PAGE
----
BBC Symphony Orchestra Maida Vale Studio Concert – Garry Walker conducts Sally Beamish’s A Cage of Doves, Matthew Taylor’s Viola Concerto (with Sarah-Jane Bradley), Malcolm Hayes’s Byzantium and Liza Lim’s Flying Banner

Sally Beamish
A Cage of Doves [London premiere]
Matthew Taylor
Viola Concerto (Humoreskes), Op.41
Malcolm Hayes
Byzantium [world premiere]
Liza Lim
Flying Banner (after Wang To) [UK premiere]

Sarah-Jane Bradley (viola)

BBC Symphony Orchestra
Garry Walker

Reviewed by: Richard Whitehouse

Reviewed: 25 January, 2013
Venue: Studio 1, BBC Symphony Orchestra, Delaware Road, Maida Vale, London

The BBC Symphony Orchestra’s series of studio concerts at its home in Maida Vale provides a welcome opportunity to hear music that, for whatever reason, is unlikely to make it into its Barbican Centre schedule. This programme featured four composers (all present) who, born within 15 years of each other, evinced very different approaches to the issue of orchestral composition in the early 21st-century.

Sally Beamish. Photograph: Ashley CoombesSally Beamish opened proceedings with A Cage of Doves (2007), which might be described as a tone poem inspired by George Mackay Brown’s novel Magnus (earlier the subject of an opera by Peter Maxwell Davies, to whom this work is dedicated) – specifically the conflict and resolution between two brothers who ruled over the Orkneys during the tenth-century, set against the inimitable island backdrop. The ruminative opening section and that which closes the piece, with its allusion to the ‘Hymn of St Magnus’ suffused with the calling of doves, resonate in the mind more than the slightly forced energetic music which parallels the fateful saga – for all that the cohesion of the overall work was rarely in doubt.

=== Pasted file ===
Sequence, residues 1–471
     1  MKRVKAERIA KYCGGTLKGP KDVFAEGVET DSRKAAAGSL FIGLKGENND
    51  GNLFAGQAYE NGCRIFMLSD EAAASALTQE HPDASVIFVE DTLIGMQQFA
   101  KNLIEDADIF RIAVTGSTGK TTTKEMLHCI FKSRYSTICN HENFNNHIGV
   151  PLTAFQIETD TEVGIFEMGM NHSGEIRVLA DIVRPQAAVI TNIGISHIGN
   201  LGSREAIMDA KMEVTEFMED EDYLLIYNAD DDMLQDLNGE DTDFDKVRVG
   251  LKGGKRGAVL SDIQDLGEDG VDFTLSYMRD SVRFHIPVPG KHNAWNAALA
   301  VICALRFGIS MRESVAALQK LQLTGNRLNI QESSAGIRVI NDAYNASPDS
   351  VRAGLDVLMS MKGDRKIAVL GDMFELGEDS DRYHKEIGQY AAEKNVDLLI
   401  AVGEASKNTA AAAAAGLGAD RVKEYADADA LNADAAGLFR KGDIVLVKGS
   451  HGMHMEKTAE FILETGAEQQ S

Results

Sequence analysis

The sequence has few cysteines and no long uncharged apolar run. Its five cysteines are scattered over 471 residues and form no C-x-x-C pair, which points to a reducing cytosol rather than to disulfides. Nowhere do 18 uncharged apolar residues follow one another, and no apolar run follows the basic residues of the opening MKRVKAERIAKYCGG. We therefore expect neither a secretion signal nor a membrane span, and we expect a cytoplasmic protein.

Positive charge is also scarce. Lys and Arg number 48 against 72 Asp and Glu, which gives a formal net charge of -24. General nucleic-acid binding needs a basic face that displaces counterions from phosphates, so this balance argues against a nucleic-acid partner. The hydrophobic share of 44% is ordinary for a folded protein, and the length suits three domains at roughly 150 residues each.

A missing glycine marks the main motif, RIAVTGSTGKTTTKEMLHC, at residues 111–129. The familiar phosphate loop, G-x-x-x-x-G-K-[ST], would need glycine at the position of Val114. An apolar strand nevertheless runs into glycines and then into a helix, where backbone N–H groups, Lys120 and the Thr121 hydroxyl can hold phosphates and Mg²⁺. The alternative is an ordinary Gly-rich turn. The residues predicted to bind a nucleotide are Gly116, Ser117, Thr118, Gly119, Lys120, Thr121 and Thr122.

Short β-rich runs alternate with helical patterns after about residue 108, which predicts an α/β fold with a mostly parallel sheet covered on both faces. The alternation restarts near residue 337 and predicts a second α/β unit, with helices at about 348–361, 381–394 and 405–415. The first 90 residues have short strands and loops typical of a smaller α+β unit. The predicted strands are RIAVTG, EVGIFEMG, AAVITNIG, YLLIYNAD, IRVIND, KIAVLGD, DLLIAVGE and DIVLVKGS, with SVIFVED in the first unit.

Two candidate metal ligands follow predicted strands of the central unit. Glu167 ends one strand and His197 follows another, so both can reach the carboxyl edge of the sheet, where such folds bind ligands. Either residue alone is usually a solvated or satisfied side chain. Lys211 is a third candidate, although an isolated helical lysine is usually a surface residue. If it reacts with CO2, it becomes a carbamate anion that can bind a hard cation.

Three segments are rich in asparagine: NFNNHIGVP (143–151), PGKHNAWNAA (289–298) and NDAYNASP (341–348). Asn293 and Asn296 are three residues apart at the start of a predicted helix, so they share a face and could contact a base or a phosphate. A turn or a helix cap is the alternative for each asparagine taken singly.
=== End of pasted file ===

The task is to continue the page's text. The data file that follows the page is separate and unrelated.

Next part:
Sarah-Jane Bradley. Photograph: Hanya Chlala/ArenaPALConcertos have long been central to Matthew Taylor’s activities – yet the Viola Concerto (2010) took shape as a series of ‘humoreskes’ inspired by Sibelius’s magical set for violin and orchestra, with Taylor only latterly realising its concerto-like status. Thus a wistful and atmospheric Andante is followed by a tensile Presto the more arresting for its compression – before a Larghetto which, its eloquent solo line unfolding over rapt Tippett-like harmonies, forms the heart of the work. The slow fourth movement is essentially an accompanied cadenza, leading directly into the final Allegro whose ‘riotoso’ marking points up its always impulsive and energetic manner – evidently inspired by the composer’s daughter Imogen; the work is dedicated to ‘Imo’. The work received an assured and also insightful account from Sarah-Jane Bradley, who emerged effortlessly over inventive and economic orchestral writing (with no flutes or clarinets, but a piccolo and two horns alongside timpani and strings) to which Garry Walker – having directed a fine account of Taylor’s Second Symphony at this venue four years ago – did ample justice.

After a short interval came the first performance of Byzantium (2012) by Malcolm Hayes: a further tone poem, this time inspired by W. B. Yeats’s famous poem – excerpts from which were specified by the composer to illustrate the evolution of music that amply captured the aura of Constantinople in its heyday as the Eastern nexus of the Roman Empire as well as that of early Christendom. ‘Evolution’ might not be the right description of music which does not so much develop as alternate between burnished layers of sound, permeated either by shimmering trumpet fanfares or the caressing sound of bells. The work thus eased its way forward, leaving an impression no less affecting for its overtly amorphous expression.

Such a description could by no means be applied to Flying Banner (2005) – Liza Lim’s explosive piece inspired by the “rhythmic freedom” of Chinese calligraphy, though this might not have been the first thing that came to mind with these ‘‘statements of announcement’’ (to quote the composer) which take in some strenuous workouts for the brass – not least trumpets near the top of their compass – before culminating in a ‘whiteout’ of string textures that evoke cicadas and the arrival of summer. The work marginally failed to justify its nine minutes – especially as those brief interludes of relative calm brought a parallel loss of momentum – while yet galvanising a virtuoso response from both orchestra and conductor.

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